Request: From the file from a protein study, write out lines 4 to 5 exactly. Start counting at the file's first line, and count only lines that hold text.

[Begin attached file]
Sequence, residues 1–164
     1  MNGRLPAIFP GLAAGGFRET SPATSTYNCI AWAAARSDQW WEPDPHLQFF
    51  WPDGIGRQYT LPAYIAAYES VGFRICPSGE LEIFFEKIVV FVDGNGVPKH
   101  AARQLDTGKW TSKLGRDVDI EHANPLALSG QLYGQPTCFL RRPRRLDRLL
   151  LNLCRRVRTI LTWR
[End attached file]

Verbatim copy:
   101  AARQLDTGKW TSKLGRDVDI EHANPLALSG QLYGQPTCFL RRPRRLDRLL
   151  LNLCRRVRTI LTWR